At Paris, at Saint-Eugène, they are about to begin Vêpres stationnales, Vespers of the Solemnity celebrated in the sanctuary of the church as usual but also at two other stations. This extension and aggrandizement of the Hour belongs to the proprium Parisiensis but there is a long history of course, beginning with the Roman stational churches via the unhappy but not necessarily fruitless papal sojourn at Avignon. The libellum is here. [Thursday 21 April. An article today at NLM by Gregory DiPippo discusses this practice of 'stational Vespers'.]
After the Psalms and responsoria, the Victimae paschali laudes is sung where in ordinary time the hymn would be sung, before the Magnificat. Then the procession is made to the baptismal font. After Psalms and responsoria, the Magnificat is again sung. A second procession, Psalms, and chants, to the third station, the Cross at the choirloft (I think; my 'geography' of Saint-E. is rather sketchy, ahem), where the Magnificat is chanted for a third time. Then the celebrant and party return to the sanctuary for Benediction of the Most Blessed Sacrament, as usual.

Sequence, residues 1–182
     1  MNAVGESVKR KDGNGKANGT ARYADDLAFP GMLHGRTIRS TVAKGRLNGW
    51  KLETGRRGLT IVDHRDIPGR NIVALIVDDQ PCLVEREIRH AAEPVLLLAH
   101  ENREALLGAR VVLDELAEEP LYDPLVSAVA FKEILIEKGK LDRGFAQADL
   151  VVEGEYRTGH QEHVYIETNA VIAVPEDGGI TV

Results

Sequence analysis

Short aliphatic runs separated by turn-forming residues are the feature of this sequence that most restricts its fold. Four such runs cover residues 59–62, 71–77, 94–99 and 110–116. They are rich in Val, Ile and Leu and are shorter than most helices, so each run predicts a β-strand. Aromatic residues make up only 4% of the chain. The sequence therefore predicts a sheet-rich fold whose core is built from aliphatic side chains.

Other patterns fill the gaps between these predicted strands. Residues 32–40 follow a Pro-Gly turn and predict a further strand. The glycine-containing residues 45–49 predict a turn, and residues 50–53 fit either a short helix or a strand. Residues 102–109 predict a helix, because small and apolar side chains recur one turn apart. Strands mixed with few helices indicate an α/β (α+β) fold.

The antiphon Ego sum Alpha et Omega is sung at the Exposition of the Sacrament.
Unfortunately, there seems to be yet another glitch in the streaming, tsk, which is very disappointing. It seems to be that there are sometimes problems that not all the volunteers in the TD are equally capable of resolving but this time, we are told, it's a glitch on the part of one of the 'fournisseurs de service'; they are going to try to stream the 'delayed live transmission' at 1000.
I never do simply watch the videos of Mass-- if I cannot follow the liturgical action in real time, eh, I have no desire to watch videos of it. But Vespers, well, not being the confection of a sacrament, I don't mind just watching: in this case, though, it will be later in the afternoon because I have to go out to Mass here, to the parish church, at 1100. Eh. Life is wonderful.
Here is this Vespers from a year or two ago.